Against a backdrop of the American Revolution, Waters’ debut history explores the lives of expatriate colonial painters John Singleton Copley and Benjamin West as they move from friendship to bitter rivalry in George III’s London.
Both Copley and West were sons of Irish immigrants born in 1738; Copley in Boston, West near Philadelphia. Both began their careers painting portraits in America, and both left the Colonies as the American Revolution was brewing. West arrived in England before Copley and, through a series of introductions and coincidences, gained a royal patronage from King George, also born in 1738. West arrived with no political baggage, however, and had an easier time than Copley, whose painting of Samuel Adams made him suspicious to British eyes. In 1774, when Copley first met West in London, their relations were cordial, and West even tried to help his fellow artist. But time and again, Copley’s artistry was recognized as superior, and West came to view him as a threat and attempted to thwart Copley clandestinely and, in the end, quite openly. This slim but information-packed volume reads like an enjoyable high school text filled with enticing factual tidbits that bring the story to life. For instance, Copley’s Tory father-in-law, Richard Clarke, was responsible for the security of the tea that was dumped into Boston Harbor. Copley, who was town warden but apolitical, tried to mediate “a solution acceptable to both parties.” However, “[i]n the face of serious threats from a mob that smashed windows in the Clarke residence,” he fled to Salem. This small tome includes an introduction, chronology, notes, list of abbreviations, bibliography, and museums and galleries where the paintings can be viewed. Waters makes no bones about taking sides: He’s clearly in Copley’s corner, even taking editorial snipes at West and making disparaging conjecture beyond the known facts. Galt, whom West tasks with writing his biography, “wrote the apotheosis West wanted, that is, to be remembered almost in a divine light as a great artist. West’s puffing was outrageous.”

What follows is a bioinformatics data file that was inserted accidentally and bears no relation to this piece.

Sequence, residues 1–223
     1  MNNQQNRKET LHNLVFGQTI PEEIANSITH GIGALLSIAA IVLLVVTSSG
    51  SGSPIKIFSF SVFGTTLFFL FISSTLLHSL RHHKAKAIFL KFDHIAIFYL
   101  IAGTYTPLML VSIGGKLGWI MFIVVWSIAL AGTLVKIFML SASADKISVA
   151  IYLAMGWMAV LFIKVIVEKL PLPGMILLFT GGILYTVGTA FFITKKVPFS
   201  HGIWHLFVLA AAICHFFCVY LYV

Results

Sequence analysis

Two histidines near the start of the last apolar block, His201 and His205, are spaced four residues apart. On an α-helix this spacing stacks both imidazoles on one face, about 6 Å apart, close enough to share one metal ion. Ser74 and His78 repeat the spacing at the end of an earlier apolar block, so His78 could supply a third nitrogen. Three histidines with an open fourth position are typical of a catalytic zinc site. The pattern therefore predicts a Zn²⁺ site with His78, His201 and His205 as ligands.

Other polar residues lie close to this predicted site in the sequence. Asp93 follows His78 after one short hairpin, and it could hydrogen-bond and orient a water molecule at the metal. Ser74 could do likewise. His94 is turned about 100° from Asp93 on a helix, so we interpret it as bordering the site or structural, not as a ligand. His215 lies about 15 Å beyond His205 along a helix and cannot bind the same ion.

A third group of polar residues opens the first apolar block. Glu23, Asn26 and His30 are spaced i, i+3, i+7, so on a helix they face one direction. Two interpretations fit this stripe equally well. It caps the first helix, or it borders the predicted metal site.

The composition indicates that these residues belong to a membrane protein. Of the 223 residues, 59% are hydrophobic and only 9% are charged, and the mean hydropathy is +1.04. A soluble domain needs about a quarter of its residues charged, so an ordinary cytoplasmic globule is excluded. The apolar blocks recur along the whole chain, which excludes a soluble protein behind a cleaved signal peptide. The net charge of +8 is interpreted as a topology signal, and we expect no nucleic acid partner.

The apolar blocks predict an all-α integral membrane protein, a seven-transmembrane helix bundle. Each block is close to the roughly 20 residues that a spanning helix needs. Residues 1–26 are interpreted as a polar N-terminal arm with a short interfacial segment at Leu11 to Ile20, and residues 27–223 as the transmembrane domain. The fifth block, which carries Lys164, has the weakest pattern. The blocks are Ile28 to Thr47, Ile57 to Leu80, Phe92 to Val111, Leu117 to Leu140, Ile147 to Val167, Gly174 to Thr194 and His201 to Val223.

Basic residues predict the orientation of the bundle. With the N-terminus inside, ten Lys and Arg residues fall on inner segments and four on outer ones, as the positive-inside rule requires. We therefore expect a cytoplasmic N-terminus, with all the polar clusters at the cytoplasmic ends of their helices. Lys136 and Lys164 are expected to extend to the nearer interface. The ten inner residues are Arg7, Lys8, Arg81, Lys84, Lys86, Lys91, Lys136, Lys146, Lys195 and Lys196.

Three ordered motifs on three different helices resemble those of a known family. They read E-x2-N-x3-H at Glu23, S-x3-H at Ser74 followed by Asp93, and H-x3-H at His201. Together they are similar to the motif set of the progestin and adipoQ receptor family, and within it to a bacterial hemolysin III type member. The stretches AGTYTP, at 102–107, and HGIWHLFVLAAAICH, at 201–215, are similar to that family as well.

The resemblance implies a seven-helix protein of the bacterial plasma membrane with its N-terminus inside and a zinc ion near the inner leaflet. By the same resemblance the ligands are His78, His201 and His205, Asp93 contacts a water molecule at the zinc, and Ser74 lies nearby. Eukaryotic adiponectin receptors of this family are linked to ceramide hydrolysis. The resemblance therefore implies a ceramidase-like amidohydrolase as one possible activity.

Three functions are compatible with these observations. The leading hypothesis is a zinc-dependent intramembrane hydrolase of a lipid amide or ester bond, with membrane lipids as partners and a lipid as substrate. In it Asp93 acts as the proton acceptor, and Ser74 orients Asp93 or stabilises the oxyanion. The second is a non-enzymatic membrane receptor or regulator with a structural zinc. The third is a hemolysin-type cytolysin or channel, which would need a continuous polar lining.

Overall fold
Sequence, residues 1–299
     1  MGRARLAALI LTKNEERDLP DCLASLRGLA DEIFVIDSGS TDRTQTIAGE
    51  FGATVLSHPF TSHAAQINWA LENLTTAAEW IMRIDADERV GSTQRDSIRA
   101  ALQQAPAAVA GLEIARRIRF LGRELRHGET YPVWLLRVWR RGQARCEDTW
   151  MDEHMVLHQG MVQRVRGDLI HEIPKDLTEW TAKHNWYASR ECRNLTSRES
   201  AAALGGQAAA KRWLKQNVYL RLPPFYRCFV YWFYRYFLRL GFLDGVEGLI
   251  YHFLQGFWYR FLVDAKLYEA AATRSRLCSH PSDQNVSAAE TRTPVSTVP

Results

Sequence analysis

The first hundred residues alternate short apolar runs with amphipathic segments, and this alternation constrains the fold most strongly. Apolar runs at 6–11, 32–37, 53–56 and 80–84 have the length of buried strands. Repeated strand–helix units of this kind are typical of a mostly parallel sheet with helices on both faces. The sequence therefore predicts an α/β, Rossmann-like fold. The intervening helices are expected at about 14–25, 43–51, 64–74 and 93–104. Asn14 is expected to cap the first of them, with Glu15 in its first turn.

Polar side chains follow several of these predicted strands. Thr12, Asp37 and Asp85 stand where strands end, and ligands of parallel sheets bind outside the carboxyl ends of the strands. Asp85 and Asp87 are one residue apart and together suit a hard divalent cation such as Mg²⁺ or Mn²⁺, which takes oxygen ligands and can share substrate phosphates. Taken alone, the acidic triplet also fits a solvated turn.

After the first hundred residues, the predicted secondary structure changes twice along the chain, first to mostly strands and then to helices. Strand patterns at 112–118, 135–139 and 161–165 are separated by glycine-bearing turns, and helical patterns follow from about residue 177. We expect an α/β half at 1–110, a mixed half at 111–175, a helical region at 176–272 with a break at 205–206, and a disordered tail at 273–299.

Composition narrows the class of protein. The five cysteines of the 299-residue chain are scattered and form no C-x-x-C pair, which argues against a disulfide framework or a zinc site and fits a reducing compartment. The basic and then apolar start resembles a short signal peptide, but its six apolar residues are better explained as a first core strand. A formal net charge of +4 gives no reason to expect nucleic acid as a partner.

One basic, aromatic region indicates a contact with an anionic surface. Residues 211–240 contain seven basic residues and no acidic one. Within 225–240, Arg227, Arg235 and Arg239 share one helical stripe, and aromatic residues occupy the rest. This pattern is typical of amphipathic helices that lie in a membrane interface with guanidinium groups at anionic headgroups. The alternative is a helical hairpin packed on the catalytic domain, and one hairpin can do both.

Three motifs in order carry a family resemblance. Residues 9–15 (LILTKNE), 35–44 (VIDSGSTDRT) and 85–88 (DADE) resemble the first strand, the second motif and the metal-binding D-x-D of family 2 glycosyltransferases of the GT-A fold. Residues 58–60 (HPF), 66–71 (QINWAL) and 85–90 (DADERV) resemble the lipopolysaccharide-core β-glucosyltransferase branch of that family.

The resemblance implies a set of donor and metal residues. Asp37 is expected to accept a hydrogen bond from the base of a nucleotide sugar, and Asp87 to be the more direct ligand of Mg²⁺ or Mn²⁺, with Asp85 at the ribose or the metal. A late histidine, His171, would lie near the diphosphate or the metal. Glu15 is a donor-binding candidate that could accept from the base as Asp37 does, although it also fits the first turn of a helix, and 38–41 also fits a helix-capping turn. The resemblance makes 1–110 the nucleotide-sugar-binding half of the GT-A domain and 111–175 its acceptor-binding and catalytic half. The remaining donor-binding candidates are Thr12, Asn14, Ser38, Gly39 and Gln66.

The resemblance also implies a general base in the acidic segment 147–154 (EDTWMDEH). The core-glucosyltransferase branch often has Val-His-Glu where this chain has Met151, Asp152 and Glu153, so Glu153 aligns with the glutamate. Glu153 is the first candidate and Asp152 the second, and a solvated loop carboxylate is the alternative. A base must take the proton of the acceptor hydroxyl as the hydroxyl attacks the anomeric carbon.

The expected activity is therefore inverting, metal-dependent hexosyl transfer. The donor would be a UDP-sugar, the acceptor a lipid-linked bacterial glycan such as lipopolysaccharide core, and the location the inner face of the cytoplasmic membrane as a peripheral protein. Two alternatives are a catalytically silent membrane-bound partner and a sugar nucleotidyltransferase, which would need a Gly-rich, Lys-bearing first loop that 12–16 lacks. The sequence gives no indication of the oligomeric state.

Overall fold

A well-written, fact-filled history of two American artists; a must for fans of history and art.